Recently I sent an email in a medium-large font to someone who thought I was shouting. The reply I received was disturbing. The person was offended and read the information as if I was angry. With one of my email accounts, I use a regular font for sending information to people who do not have a vision disability. In another email account, I have a larger font preset to make my email accessible to people with vision loss. I used the latter to send an email to a person with no difficulty with their vision. It is amazing the reaction some people have when seeing lettering in a slightly larger font.
I rapidly replied to the person explaining my position on font size. After receiving the explanation, the person was relieved. Understanding that this particular episode could happen again, I am considering placing some type of message at the bottom of my emails about the reasons for using a larger font size due to accessibility issues.
Fortunately, in this case, the person let me know her reaction to my email and I could quickly respond. In other cases, a person might just avoid me and I would have no idea what I did to disturb the relationship. Believe me when I say, if I want to send an angry email, the reader will have no doubts, and it will have nothing to do with font size. The issue about font size and why only certain font types are preferred when talking about accessibility, deserves another review on behalf of people with varying vision loss.
People who are blind use a screen reader. Screen readers can read basic paragraphs and are a whole other topic. This article is about meeting the needs of people who for whatever reason have a vision disability and can still read. The font size and type you choose to use when creating all sorts of documents is an easy way to make it accessible for people who have some type of vision loss but can still read.
With respect to fonts, Arial and Verdana regular (i.e., not italic) are considered the easiest to read, and both are free. Minimum font size should be no less than 12 points. The preference is 14 points. The Canadian National Institute for the Blind (CNIB) website provides simple Clear Print Accessibility Guidelines (PDF document) recommending 12 to 18 points, depending on your font type. Recommendations include:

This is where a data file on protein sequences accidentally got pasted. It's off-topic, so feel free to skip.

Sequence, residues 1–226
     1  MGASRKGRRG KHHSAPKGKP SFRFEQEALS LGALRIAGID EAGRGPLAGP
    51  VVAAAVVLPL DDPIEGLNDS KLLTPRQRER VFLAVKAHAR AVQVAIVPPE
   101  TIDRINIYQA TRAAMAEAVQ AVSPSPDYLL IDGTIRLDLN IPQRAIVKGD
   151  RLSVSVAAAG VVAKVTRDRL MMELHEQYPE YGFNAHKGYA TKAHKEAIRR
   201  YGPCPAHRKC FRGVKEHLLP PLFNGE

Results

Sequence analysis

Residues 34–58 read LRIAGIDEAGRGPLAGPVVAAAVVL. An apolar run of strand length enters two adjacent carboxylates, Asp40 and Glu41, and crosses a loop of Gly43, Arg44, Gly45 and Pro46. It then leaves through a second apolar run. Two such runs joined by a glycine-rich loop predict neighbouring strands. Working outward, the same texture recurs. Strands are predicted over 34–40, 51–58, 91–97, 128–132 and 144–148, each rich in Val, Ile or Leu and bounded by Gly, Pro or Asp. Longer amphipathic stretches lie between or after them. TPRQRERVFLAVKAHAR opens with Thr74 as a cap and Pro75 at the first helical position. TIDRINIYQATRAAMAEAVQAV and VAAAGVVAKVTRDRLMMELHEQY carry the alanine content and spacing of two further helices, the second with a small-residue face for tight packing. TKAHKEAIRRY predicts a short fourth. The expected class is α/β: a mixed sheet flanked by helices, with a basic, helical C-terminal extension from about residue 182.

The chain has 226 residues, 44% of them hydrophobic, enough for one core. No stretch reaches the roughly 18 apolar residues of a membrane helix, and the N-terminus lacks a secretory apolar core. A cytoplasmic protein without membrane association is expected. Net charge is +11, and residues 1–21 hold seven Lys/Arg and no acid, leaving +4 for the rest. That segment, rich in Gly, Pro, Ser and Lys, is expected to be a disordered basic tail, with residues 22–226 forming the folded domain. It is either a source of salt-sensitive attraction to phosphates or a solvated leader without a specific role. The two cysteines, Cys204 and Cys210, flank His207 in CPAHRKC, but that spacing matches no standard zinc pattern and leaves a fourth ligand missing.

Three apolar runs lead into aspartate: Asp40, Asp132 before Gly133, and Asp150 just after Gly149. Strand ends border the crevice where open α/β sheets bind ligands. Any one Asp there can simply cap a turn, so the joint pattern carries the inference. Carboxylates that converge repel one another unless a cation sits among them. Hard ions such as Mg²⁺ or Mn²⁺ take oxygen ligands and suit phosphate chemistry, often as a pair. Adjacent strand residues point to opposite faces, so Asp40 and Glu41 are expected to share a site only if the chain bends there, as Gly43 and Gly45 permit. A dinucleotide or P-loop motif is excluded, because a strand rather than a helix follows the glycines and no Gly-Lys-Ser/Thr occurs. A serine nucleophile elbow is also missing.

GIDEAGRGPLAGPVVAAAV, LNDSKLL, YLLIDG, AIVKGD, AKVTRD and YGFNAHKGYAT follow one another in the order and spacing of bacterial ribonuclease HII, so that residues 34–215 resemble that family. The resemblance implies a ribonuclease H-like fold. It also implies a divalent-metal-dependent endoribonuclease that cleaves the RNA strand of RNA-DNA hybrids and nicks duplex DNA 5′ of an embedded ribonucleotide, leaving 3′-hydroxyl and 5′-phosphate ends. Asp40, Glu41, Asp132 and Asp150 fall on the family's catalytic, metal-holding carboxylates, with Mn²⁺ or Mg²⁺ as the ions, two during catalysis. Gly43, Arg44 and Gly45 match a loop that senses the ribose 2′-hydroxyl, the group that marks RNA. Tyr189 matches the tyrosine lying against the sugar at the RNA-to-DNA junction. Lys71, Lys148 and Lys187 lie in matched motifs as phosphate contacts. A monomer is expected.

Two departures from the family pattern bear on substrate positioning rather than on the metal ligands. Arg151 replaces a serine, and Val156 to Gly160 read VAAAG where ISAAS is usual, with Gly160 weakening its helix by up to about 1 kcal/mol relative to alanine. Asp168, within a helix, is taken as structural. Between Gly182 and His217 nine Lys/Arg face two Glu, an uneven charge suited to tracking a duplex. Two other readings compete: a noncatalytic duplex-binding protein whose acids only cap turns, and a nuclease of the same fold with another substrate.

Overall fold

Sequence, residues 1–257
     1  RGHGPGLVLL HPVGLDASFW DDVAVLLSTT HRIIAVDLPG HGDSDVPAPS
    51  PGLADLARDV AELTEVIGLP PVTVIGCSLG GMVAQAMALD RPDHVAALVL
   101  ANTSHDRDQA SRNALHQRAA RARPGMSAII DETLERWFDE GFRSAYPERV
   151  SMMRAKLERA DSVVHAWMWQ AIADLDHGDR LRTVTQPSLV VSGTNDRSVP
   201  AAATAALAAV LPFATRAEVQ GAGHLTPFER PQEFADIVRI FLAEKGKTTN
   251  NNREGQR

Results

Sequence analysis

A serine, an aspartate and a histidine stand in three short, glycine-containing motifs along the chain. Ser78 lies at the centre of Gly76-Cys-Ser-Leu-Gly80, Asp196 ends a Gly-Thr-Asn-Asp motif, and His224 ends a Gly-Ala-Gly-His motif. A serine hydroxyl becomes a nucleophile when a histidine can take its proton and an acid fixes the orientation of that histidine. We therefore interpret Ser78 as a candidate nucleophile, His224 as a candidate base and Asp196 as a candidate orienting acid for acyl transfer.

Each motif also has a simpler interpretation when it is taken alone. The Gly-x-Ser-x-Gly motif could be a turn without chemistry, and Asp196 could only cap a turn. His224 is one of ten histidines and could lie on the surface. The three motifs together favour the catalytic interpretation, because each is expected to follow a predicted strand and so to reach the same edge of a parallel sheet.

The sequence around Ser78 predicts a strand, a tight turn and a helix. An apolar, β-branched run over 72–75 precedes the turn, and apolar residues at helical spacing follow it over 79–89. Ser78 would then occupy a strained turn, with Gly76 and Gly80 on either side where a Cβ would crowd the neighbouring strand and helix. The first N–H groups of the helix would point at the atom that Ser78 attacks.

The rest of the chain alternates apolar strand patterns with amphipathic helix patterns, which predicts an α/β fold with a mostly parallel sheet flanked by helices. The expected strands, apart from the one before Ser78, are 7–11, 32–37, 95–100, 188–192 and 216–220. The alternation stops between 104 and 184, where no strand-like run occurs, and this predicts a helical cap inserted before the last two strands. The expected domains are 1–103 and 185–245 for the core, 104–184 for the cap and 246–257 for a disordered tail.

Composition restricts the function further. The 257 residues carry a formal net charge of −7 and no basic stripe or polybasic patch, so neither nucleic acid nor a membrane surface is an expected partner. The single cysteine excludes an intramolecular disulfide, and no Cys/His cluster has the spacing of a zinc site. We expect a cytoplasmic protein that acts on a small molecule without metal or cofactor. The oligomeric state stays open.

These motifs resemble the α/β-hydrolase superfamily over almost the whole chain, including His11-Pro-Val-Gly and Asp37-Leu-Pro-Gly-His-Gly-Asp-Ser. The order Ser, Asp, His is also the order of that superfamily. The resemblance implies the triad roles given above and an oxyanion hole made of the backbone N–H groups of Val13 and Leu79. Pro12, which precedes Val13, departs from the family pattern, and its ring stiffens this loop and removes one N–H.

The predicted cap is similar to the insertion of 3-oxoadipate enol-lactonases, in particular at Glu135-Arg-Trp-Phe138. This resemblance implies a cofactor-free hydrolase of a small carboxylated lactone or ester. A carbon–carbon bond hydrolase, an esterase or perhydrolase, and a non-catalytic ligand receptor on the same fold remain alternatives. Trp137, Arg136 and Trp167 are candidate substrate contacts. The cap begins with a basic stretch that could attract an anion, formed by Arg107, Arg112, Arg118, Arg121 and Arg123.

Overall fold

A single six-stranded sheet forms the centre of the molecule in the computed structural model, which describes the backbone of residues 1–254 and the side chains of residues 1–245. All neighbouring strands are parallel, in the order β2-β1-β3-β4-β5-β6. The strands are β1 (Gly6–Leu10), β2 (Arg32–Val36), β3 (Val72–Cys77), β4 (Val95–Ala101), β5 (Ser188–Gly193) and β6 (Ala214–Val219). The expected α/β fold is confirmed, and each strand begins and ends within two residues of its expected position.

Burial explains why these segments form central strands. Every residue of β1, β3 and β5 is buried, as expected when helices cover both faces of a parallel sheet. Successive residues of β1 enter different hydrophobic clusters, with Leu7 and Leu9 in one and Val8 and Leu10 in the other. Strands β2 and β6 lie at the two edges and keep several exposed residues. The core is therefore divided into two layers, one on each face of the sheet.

- Use fonts with a medium heaviness
- Avoid light type with thin strokes
- Avoid artistic fonts
- Use bold type instead of italics for emphasis and resource references
The guidelines are quick to read and memorize. There are reasons for each recommendation and simple alternatives provided.
Documents that have not been written using accessibility rules, such as strong colour/tonal contrast, are also a problem. Use high colour/tonal contrast for text and backgrounds, for example, black or dark blue on a white or yellow background. You can also reverse the colours.
There are more recommendations when the discussion turns to other methods of sending your information. Other considerations for your emails include:
- Avoid using complicated backgrounds, designs and watermarks. Complicated backgrounds are often difficult to read for everyone, with or without a disability. Without these options, there are still beautiful methods to provide information
- Choose off-white to avoid glare. Bright white can cause glare, which can make information difficult to read for people with a variety of vision disabilities. Glare also causes eyes to get tired
- Use colours only in titles or highlighted information
- Avoid crowding your text
- Design simplicity is the key to success
The CNIB and other vision-loss associations around the world have proven research that aids all of us to have a good quality of life. Well, at this time, so much for improving quality of life until everyone becomes used to the idea that large fonts are not always SCREAMING!
If, you are concerned when reading an email, by all means, do the author a favour and politely ask about their intentions. You may find out the sender has read and adhered to these accessibility guidelines. If the person is truly angry then send them a copy of this article and let them know that font size is no longer an appropriate indicator of anger. What is your alternative when you are angry? Use words to express your anger. I am frustrated that in our communications something as simple as a larger font maybe misconstrued as an angry email.
For those of you who use font size to indicate anger, QUIT IT! 🙂
Suzanne Cohen Share, M.A., CEO
Access (SCS) Consulting Services o/b 623921 Ont. Ltd.
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